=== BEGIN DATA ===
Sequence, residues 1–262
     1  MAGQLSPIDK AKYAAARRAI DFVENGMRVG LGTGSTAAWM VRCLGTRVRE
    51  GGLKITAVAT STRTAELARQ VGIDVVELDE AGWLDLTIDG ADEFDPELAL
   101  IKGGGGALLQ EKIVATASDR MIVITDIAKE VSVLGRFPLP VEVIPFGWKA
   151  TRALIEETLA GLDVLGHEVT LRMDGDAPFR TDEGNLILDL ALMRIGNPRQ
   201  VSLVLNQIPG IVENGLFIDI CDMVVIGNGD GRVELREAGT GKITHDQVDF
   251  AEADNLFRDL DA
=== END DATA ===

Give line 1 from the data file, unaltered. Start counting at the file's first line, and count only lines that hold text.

Sequence, residues 1–262